National occasions need not be dominated by religion – as France’s commemoration ceremony so poignantly demonstrated
Posted: Tue, 01 Dec 2015 by Keith Porteous Wood
France's recent ceremony for those killed in the Paris attacks was a moving demonstration that religiously neutral ceremonies are a powerful way to unite people regardless of faith or politics; it is something the UK could emulate for our own public ceremonies, writes Keith Porteous Wood.
No one could fail to be moved by the ceremony to honour the 130 people who lost their lives in Paris's second Islamist atrocity this year.
The ceremony was also notable for its dignity; President Hollande united the whole grieving country and allies abroad, regardless of politics or religion: indeed this was at the heart of its haunting success. Everyone was included and equally engaged. And that included Muslims, some also mourning relatives and friends.
Nowhere did I see any criticism of the ceremony, yet it was one that could never have occurred in the UK. Only the Independent drew attention to the ceremony, in line with France's secular constitution, having no religious involvement. It was none the worse for that, and I maintain it was so much better because this enabled complete inclusivity. That there was no formal religious element did not prevent anyone who wished to from expressing their own religious thoughts privately.
Predictably, both the BBC and Sky – and the Daily Mirror – referred to it solely as a "service", as if they could not conceive of such a ceremony without religious involvement. Or does their lexicon just have no suitable word? Or were they at pains not to draw attention to such an engaging ceremony being anything other than religious?
In marked contrast, The Guardian, ITV, Associated Press and the American CNN and FoxNews described it solely, and correctly, as a ceremony.
Less than 5% of those in England and Wales attend church on a normal Sunday, and even that small percentage is dropping rapidly as the churches are largely deserted by the young, while the proportion of those belonging to minority religions is rising significantly. It is well past time that we consider afresh how important civic occasions should be organised. The default, with such events being the prerogative of the Christian church, is no longer fit for purpose.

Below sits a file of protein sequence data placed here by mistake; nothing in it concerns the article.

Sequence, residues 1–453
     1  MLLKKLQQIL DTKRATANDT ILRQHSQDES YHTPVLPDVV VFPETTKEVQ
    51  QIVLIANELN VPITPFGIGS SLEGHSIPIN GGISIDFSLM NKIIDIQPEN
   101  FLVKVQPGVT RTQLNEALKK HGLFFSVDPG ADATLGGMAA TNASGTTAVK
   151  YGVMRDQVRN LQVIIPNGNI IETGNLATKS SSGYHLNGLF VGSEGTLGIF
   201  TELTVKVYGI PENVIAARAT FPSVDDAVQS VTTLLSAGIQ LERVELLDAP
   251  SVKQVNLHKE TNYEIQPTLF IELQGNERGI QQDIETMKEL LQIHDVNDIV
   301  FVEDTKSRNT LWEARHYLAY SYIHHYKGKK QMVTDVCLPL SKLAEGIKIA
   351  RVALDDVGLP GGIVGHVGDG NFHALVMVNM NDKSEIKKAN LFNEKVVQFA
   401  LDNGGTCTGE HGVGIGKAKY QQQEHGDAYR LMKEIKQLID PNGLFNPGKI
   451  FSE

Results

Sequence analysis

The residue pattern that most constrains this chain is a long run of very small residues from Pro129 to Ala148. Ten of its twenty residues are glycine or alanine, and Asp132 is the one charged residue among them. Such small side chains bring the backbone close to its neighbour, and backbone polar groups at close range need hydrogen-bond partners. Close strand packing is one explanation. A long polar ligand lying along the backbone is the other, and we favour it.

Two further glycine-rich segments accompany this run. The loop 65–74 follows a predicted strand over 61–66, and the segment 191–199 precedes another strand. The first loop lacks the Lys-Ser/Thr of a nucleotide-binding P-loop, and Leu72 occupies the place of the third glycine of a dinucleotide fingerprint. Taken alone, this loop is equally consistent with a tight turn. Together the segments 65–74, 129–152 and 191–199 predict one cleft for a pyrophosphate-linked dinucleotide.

Those seeking to justify the continuation of such rites suggest they are benign and ask what harm is caused. Remembrance Day is the obvious example. The local ceremonies I have seen tend to have the older people praying, with the younger contingent mainly being those required to attend by virtue of their membership of, for example, the Scouts, Girlguides or Cadets.
We could do so much better and make it more inclusive if it were a secular ceremony. I have witnessed a remembrance ceremony in rural France, led by local civic dignitaries and with members of the emergency and armed services in attendance. It too was deeply moving.
And how many know that the cenotaph is a secular monument, with no religious insignia? It was so designed, far-sightedly and respectfully, to also honour the many non-Christians who gave their lives in WWI. The Church has tried since the Cenotaph's inauguration to take centre stage itself, but an attempt to relocate the ceremony to Westminster Abbey was, wisely, rebuffed.
Were such a monument to be built now, the Church would do all in its power to ensure it was Christian. Yet, despite our much greater religious diversity today, I am not confident that any Government now (particularly ones that continue to insist that "this is a Christian country"), would show the foresight and sensitivity exhibited by their forebears a century ago.
This is a plea for inclusivity over the domination of any particular religion. We may technically still have a "national church" but the French example illustrates how outmoded such an approach to public ceremonies is in these religiously diverse and dangerous times.
Having seen how well they work, let us have secular ceremonies too.